Partners In Learning Blog Team

Partners In Learning Blog Team
Blog Team

Monday, June 13, 2011


My youngest son, Micah, graduated from high school on Saturday.  I found myself reminiscing about all the years that lead up to this important day.  Micah was born after 23 hours of labor and 4 hours of pushing.  Nineteen years ago, they used metal forceps to pull him out which left him with palsy in half of his face.   This went away after 6 months, but was only the beginning of the many challenges he would have to overcome.  At 2 years old, he began banging his head because he was so frustrated that he couldn't be understood.  This followed with 10 years of speech therapy to improve his intelligibility.  At four years of age, he was diagnosed with ADHD and began medication.  School years were challenging to say the least.  I can recall more than one conference about his behavior and learning problems.   I remember his kindergarten teacher telling me he didn't know his letters and me knowing that he did.  You see, he could point them out, but just couldn't name them.  There was also the time when he failed his spelling test because his speech was so bad and he spelled it like he heard it.  Finally, in the second grade we decided to give Micah what I call "the gift of time", an extra year in school so that he didn't have to struggle so much. 

I remember the endless IEP meeting; feeling like a lone fighter for my child in rooms full of educators.  Teachers telling me he talked too much, couldn't keep up with anything, and was very disorganized.  I remember praying he would pass his classes and celebrating when he made 4's on the end of grade test.  Let's not forget the never ending doctor visits to discuss medication and strategies to help Micah not worry about the dates on food, washing his hands constantly, and other anxieties that often go along with ADHD.  Mostly, I remember the endless nights on my knees praying for patience, wisdom, and healing.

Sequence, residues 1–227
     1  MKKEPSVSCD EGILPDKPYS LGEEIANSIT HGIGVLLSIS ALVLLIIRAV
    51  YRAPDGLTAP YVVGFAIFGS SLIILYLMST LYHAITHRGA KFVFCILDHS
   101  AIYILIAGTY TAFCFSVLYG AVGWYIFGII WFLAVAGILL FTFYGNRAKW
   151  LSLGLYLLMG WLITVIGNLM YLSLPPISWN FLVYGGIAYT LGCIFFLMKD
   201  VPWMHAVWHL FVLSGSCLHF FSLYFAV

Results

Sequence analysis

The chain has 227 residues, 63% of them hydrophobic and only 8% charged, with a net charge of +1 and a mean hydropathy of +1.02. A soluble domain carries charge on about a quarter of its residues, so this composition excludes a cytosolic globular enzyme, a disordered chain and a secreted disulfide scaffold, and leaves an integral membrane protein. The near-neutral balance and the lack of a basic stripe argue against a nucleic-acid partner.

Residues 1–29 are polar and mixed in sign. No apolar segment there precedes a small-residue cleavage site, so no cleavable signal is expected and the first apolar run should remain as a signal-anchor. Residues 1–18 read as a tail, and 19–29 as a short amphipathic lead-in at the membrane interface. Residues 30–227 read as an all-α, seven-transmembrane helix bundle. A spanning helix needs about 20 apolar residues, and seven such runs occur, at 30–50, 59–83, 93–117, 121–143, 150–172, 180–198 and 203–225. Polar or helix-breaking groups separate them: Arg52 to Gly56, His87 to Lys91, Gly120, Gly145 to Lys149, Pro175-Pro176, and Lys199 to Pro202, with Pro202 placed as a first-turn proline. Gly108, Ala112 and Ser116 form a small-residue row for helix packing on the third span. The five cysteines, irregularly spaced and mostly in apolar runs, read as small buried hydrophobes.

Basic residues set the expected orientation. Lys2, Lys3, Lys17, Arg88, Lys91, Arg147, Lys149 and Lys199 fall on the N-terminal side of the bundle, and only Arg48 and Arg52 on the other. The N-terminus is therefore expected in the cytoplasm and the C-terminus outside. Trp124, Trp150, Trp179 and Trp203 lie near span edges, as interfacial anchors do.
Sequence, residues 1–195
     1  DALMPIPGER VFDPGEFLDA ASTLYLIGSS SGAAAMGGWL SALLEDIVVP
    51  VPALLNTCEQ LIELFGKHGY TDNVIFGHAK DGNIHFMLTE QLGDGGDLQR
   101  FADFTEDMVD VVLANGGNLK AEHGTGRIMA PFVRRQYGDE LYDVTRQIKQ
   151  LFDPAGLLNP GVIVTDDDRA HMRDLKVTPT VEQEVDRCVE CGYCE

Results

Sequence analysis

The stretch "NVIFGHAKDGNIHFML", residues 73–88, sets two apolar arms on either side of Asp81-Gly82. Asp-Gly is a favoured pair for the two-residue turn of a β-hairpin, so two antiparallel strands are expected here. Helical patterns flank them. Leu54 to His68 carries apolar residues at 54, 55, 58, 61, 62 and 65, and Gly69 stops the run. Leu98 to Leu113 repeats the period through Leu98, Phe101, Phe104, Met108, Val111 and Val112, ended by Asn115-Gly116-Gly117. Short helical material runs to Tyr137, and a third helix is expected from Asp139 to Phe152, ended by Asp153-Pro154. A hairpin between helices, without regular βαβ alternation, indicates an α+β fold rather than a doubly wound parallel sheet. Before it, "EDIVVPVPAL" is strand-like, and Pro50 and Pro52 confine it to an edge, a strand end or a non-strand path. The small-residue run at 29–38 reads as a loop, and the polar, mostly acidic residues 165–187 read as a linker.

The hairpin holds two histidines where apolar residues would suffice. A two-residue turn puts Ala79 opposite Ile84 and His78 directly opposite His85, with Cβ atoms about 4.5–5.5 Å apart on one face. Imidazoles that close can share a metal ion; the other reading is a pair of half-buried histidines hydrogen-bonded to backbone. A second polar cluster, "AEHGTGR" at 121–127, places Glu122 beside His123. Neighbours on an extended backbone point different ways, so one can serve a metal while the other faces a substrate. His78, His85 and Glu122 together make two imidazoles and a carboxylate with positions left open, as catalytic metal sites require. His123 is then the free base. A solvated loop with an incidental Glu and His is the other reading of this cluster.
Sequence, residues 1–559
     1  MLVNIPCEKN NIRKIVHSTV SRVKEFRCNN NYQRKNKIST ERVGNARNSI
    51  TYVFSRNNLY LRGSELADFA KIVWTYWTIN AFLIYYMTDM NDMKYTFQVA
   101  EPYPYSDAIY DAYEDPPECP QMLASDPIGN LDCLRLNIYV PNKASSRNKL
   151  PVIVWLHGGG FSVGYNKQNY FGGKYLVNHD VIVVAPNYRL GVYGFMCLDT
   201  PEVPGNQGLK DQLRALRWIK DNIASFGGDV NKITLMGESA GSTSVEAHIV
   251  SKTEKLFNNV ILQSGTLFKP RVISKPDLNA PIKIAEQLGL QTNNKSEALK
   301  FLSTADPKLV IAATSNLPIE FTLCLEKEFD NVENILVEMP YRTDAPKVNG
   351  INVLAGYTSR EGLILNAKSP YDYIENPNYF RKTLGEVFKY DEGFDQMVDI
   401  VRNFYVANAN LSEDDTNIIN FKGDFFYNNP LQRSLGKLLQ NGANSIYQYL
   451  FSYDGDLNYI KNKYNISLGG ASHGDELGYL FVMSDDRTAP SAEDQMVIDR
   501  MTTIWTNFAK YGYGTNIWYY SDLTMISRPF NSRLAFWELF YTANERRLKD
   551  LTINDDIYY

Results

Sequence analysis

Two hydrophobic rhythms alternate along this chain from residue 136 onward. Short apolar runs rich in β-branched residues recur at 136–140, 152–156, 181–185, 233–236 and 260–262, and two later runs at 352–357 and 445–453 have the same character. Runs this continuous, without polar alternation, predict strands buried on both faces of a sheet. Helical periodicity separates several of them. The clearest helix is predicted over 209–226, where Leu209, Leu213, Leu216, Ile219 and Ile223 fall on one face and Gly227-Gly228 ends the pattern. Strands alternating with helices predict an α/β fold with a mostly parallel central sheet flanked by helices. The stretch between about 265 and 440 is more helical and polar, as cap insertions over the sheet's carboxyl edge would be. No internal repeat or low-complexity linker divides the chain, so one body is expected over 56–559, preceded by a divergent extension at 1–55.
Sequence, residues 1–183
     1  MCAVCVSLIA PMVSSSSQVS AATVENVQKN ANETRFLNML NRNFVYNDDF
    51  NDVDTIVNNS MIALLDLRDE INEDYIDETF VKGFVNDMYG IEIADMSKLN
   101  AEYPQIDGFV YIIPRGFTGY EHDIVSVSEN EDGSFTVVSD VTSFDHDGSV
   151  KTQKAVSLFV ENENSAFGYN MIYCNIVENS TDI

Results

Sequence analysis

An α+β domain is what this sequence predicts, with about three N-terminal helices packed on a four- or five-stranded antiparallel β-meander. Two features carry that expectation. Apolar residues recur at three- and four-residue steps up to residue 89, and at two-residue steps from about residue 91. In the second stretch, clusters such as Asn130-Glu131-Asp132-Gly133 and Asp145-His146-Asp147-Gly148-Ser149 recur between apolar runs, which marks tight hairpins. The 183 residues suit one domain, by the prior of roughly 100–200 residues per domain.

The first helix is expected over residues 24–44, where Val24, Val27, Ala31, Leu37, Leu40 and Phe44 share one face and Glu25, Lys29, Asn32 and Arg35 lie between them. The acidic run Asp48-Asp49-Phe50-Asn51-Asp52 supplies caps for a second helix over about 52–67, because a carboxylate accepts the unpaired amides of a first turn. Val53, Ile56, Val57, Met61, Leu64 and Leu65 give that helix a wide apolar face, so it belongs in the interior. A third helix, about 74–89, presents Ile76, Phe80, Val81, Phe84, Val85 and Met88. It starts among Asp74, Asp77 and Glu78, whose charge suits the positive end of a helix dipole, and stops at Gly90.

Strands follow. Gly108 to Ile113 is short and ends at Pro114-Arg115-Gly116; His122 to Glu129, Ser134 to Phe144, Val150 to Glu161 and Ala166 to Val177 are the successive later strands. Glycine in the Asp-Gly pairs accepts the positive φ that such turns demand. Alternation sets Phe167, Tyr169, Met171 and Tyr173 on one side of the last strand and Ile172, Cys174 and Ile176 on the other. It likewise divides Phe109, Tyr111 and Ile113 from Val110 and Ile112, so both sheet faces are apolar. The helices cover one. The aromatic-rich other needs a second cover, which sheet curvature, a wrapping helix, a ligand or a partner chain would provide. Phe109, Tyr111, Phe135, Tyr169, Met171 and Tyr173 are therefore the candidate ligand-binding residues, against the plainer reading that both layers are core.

Wasn't it just yesterday that Micah was in the 7th grade and refused to take his medicine anymore?  It sure does seem like it!  I told him that if he could control his behaviors and make good grades, he wouldn't have to take it again.  That was the last year he ever took it.  He found his passion in sports and once he found it, it flowed over into every area of his life.  He also found solace in spending time with God and between sports and church, his life was blossoming.

Fast forward to Saturday, graduation day for my baby!  He actually graduated with an orange tassel for distinguished because of his grades.  I sat there thinking of all of the families that I serve with children with special needs and how hopeless they feel at times.  I have walked that journey and am here to tell you there is HOPE!  Just look at my Micah. 

A proud mom, Norma Honeycutt, 
Partners In Learning, Executive Director

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